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Analysis of Fractional Viscoelastic Material With Mechanical Parameters Dependent on Random Temperature

[+] Author and Article Information
G. Alotta

Engineering and Architecture Faculty,
University of Enna “Kore,”
Viale delle Olimpiadi,
Enna 94100, Italy
e-mail: gioacchino.alotta@unikore.it

N. Colinas-Armijo

Dipartimento di Ingegneria Civile,
Ambientale e Aerospaziale (DICAM),
Universitá degli Studi di Palermo,
Viale delle Scienze Ed. 8,
Palermo 90128, Italy
e-mail: natalia.colinasarmijo@unipa.it

Manuscript received June 22, 2016; final manuscript received January 4, 2017; published online June 12, 2017. Assoc. Editor: Mario Di Paola.

ASME J. Risk Uncertainty Part B 3(3), 030906 (Jun 12, 2017) (7 pages) Paper No: RISK-16-1096; doi: 10.1115/1.4036704 History: Received June 22, 2016; Revised January 04, 2017

It is well known that mechanical parameters of polymeric materials, e.g., epoxy resin, are strongly influenced by the temperature. On the other hand, in many applications, the temperature is not known exactly during the design process and this introduces uncertainties in the prevision of the behavior also when the stresses are deterministic. For this reason, in this paper, the mechanical behavior of an epoxy resin is characterized by means of a fractional viscoelastic model at different temperatures; then, a simple method to characterize the response of the fractional viscoelastic material at different temperatures modeled as a random variable with assigned probability density function (PDF) subjected to deterministic stresses is presented. It is found that the first- and second-order statistical moments of the response can be easily evaluated only by the knowledge of the PDF of the temperature and the behavior of the parameters with the temperature. Comparison with Monte Carlo simulations is also performed in order to assess the accuracy and the reliability of the method.

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References

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Figures

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Fig. 1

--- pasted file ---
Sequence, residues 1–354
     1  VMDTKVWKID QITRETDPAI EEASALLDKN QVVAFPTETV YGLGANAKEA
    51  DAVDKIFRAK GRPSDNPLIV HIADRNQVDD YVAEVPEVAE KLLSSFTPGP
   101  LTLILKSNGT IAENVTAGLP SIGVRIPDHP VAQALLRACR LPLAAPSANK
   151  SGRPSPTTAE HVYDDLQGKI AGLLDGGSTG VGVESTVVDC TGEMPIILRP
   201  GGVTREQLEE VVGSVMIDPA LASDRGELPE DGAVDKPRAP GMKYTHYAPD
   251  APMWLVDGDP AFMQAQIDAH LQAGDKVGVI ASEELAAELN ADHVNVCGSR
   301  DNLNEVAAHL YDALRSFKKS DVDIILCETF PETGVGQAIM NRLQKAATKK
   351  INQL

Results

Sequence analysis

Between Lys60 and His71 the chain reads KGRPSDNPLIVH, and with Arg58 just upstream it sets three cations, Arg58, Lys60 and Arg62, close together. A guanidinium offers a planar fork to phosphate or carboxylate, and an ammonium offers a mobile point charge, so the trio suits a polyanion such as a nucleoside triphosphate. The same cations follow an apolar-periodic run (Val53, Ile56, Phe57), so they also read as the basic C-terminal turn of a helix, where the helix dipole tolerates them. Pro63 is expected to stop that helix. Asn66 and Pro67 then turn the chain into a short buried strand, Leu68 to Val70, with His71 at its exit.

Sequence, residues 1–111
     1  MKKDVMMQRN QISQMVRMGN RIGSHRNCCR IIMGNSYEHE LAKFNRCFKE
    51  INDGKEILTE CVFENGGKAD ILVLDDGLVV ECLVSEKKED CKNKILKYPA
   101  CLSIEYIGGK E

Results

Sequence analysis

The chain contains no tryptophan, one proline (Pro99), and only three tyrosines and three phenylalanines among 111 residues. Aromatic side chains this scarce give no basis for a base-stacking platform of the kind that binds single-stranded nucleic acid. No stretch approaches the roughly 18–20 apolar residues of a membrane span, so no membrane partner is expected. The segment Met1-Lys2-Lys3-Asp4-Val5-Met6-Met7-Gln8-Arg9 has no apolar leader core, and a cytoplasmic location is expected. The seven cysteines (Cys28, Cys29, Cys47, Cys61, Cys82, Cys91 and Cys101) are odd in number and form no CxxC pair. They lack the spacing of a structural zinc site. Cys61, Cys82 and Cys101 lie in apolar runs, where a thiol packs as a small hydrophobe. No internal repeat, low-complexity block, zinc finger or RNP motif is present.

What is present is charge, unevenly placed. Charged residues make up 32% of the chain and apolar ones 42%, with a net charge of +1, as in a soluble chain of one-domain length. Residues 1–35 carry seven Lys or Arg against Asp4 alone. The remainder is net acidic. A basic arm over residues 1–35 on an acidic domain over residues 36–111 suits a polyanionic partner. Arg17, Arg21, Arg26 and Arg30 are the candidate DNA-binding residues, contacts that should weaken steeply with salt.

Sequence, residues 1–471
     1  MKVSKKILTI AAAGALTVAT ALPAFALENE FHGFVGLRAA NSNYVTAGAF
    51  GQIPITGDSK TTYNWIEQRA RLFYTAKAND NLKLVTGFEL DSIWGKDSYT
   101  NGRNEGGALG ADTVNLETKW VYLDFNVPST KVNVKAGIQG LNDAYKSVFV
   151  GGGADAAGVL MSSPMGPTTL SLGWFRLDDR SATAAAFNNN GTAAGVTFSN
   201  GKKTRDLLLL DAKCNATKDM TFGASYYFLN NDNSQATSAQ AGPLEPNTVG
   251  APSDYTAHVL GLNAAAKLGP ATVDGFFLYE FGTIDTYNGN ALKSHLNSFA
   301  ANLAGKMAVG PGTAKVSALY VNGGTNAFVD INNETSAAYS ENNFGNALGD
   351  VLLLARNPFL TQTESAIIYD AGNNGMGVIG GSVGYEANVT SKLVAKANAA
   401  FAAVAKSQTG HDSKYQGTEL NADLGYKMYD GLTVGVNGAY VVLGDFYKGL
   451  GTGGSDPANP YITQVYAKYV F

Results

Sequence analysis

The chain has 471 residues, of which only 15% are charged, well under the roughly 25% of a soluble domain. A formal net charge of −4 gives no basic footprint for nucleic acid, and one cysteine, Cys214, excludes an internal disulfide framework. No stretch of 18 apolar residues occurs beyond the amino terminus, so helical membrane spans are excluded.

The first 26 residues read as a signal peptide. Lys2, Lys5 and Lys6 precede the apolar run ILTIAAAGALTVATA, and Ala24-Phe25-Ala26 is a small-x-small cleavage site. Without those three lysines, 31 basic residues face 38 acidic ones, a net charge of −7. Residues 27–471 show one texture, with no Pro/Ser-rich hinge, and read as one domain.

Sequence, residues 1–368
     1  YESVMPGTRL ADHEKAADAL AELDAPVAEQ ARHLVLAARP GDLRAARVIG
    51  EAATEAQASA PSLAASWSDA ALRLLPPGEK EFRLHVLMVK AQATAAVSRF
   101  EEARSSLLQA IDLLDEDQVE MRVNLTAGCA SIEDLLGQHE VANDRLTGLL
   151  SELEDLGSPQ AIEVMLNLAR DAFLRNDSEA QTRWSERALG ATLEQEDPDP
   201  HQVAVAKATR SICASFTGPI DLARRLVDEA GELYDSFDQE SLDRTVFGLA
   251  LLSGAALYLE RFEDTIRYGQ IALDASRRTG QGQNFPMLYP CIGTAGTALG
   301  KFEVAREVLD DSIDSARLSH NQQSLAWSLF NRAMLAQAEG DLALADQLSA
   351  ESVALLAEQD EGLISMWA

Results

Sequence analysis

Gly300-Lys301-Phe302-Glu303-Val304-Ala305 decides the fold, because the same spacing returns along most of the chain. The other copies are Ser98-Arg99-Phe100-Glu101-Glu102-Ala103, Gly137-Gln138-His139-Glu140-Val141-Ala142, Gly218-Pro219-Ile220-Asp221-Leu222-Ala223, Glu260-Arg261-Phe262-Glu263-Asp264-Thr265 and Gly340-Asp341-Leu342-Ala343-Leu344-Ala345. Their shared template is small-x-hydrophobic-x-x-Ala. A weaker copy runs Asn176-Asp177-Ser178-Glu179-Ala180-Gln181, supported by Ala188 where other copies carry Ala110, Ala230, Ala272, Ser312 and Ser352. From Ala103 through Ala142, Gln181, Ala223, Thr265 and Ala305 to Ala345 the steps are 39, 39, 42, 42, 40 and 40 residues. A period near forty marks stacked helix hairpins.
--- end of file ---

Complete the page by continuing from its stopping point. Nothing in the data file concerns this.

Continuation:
The springpot model

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Fig. 2

The fractional Maxwell model

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Fig. 3

Stress excitation σ(t) (continuous line—theoretical and dotted line—experimental)

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Fig. 4

Strain response ε(t) (continuous line—theoretical and dotted line—experimental)

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Fig. 5

Coefficient β variation function of T

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Fig. 6

Coefficient Cβ variation function of T

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Fig. 7

Coefficient E0 variation function of T

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Fig. 8

Modeled creep function for the different temperatures under study

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Fig. 9

Mean of the creep test with uniformly distributed temperature

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Fig. 10

Variance of the creep test with uniformly distributed temperature

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Fig. 11

Mean of the creep test with normally distributed temperature

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Fig. 12

Variance of the creep test with normally distributed temperature

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